While tech startups have become synonymous with urban areas that offer improved access to talent, resources and infrastructure, the reality is that rural areas are also home to startups.
This may come as a surprise to those who have moved away from rural areas specifically to find a job in the tech industry, which accounts for more than 6.7 million jobs in the United States alone. Population loss is a real issue for much of rural America; some states, such as Nebraska and Kansas, have introduced tax incentives to fight back against this trend. Others are turning to technology to counter the trend.
States are starting to recognize the importance of supporting and developing opportunities for rural counties. In the state of Washington, the Department of Commerce has been encouraging business plan competitions in rural areas with “at least 10 competitions in rural areas that we have promoted and supported,” stated Maury Forman, senior manager of the rural initiatives and innovations at Washington State Department of Commerce.
This foresight is necessary to support tech startups and the entrepreneurs behind them — tech startups tend to grow quickly in their early years, which offsets “job destruction from early-stage business failures,” which in turn leads to a more robust job market.
Live. Give. Save. Inc., is a financial tech startup based in the city of Red Wing, Minnesota, home to a little over 16,000 people. “Red Wing has a history of pioneers … and inventors. There’s a rich, rich beautiful history of arts, culture and innovation,” said Susan Sorensen Langer, CEO, Live. Give. Save., Inc., a financial tech startup that is creating a mobile platform to boost retirement savings through charitable giving.
Langer moved out to Red Wing after her contract ended with her last employer and was introduced to Neela Mollgaard, Executive Director of Red Wing Ignite, a nonprofit organization that develops and promotes next-generation technology services and applications. “I was blown away by what they were doing in Red Wing,” Langer said, and spoke to the desire to change Red Wing’s image into a place that would become known for startups much like Austin, Texas. Support from the community to provide the necessary resources and infrastructure has been invaluable to the success of tech startups such as Live. Give. Save., Inc. In 2012, the city of Red Wing and Hiawatha Broadband Communications (HBC) formed a public-private partnership to bring gigabit broadband to Red Wing. For entrepreneurs such as Langer, who have virtual teams, having access to fast internet is crucial.
While other rural areas may not have the same support Red Wing has, technological updates and developments have been on the rise. Certain companies have specifically focused on bringing broadband internet to rural America. “I am often asked if the difficulty of running a company in a rural area is high-speed internet. It’s not,” said Ken Levy, CEO and co-founder of 4-Tell, which helps increase sales for online retailers by 17.1 percent with big data.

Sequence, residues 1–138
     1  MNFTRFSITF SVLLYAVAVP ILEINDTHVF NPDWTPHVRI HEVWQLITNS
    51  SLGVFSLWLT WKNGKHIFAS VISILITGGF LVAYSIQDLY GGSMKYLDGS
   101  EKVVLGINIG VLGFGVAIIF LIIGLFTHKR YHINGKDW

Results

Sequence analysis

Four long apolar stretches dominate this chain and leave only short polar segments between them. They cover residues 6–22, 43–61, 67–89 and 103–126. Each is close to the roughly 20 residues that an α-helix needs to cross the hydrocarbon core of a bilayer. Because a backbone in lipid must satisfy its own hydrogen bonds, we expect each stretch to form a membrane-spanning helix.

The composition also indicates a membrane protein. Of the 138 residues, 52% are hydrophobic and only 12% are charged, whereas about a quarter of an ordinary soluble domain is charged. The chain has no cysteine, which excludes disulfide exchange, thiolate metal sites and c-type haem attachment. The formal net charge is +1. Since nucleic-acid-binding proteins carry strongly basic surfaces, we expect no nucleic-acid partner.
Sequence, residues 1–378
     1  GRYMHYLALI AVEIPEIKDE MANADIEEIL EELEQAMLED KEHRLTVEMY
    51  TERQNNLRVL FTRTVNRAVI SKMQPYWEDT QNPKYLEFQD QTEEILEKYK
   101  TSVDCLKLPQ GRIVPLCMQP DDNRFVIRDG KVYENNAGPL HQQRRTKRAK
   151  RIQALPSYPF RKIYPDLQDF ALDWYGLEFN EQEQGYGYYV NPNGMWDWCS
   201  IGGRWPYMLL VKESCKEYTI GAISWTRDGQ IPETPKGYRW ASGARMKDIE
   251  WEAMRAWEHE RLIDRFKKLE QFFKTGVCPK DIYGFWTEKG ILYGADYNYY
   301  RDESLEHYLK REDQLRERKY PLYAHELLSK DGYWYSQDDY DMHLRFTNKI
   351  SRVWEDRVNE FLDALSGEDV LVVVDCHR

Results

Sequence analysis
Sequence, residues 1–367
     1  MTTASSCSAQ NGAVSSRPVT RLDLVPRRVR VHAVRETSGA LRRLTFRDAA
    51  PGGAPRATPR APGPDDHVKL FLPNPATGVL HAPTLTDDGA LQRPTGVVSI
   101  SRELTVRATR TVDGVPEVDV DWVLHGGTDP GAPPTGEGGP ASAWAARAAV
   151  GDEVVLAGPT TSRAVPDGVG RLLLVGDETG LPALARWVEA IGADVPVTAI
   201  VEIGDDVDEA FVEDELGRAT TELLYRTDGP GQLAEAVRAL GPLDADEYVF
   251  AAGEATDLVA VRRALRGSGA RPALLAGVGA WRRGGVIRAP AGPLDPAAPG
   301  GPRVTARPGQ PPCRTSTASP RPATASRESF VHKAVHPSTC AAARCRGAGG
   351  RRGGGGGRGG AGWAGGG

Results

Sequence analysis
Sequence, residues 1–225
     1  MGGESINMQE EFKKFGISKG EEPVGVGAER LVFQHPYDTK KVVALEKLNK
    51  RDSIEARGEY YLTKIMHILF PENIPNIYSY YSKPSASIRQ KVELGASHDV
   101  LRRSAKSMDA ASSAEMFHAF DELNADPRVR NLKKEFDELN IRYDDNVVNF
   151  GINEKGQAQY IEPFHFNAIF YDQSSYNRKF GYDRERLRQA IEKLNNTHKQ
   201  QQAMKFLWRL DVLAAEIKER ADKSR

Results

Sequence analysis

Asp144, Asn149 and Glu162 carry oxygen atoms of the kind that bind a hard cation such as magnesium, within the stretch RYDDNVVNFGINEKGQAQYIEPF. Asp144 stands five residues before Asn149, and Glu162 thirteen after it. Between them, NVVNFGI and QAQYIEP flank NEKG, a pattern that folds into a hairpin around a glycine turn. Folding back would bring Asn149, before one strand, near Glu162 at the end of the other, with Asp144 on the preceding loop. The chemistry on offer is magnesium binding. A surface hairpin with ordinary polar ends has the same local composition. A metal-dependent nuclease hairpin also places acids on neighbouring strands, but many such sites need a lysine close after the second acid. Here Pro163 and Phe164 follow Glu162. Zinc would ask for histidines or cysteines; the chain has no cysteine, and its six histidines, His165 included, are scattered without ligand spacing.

C. Skyler Young, owner of Site Savvy, a tech startup that provides managed websites and online marketing for small to mid-sized businesses based in Yakima, Washington, has a similar experience to Levy. “Access to internet hasn’t really been an issue actually,” said Young. “There are a few dead zones in town; some of the communication infrastructure dates back to the 20s,” Young said. “However, it’s been updated a great deal in recent years. It’s not at all hard to find good connections these days.”
While Yakima has a larger population that what is typically considered to be rural, the land is undeveloped and used mostly for agricultural purposes. Known to locals as the little sister of Seattle, Yakima offers plenty of opportunities to enjoy the outdoors, with mountains and bodies of water surrounding the area.
In terms of access to talent, Levy has credited the Columbia River Gorge area with attracting “a personality type that is perfect for startups, and employees want to move here.” Levy stated that “the Gorge has created a high-tech hub with over a thousand technical employees centered around Insitu (a division of Boeing) and related software and hardware companies.”
While both Young and Langer spoke about the difficulties they’ve faced in getting talent to move to rural areas, they credit remote employees and having a virtual team as filling this gap. “After this [product] kickoff, what I plan is to get a couple of developers to move to Red Wing,” Langer said. Young noted that although finding talent was still a struggle, “it’s becoming easier as time goes on … as people work remotely and choose to live more comfortable and sustainable lifestyles in the countryside.”
And the advantages to having your tech startup based in a rural area? Plenty. Young was full of praise, citing “low cost of living, no traffic, elbow room, and easy access to the outdoors.” In a similar vein, Langer talked about how Red Wing is a great place for those with a love of the outdoors, its close proximity to both Minneapolis and St. Paul, as well as only being 45 minutes away from the nearest airport. “Red Wing is the perfect mix of small town and big city,” Langer said. “It’s a wonderful place to raise children. It’s got everything.” An important factor Levy brought up was access to quality education. The Gorge has access to quality schools and “employees for a high-tech company want the best schools for their kids.”
Although challenges still exist for rural startups, the assumption that rural areas cannot support tech startups is coming under fire. Because of the initiatives of state organizations and private companies, as well as the opening of co-working spaces, rural areas are being given the attention they need and deserve to develop and invest in opportunities that will allow business as a whole to grow and succeed.
Alice Williams is a freelance writer specializing in business and tech.